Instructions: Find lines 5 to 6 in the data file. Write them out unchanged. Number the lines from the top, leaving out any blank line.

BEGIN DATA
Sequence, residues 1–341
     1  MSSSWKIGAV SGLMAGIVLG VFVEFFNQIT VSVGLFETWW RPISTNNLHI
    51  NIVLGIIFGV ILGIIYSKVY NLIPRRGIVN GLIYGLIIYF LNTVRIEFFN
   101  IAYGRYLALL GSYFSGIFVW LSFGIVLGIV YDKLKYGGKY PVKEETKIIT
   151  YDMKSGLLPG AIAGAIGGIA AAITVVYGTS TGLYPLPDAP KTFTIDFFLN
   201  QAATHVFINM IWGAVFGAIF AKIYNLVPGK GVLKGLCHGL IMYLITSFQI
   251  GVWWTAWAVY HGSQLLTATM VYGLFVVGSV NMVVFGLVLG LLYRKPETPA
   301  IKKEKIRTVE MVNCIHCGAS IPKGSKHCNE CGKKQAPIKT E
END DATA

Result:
   151  YDMKSGLLPG AIAGAIGGIA AAITVVYGTS TGLYPLPDAP KTFTIDFFLN
   201  QAATHVFINM IWGAVFGAIF AKIYNLVPGK GVLKGLCHGL IMYLITSFQI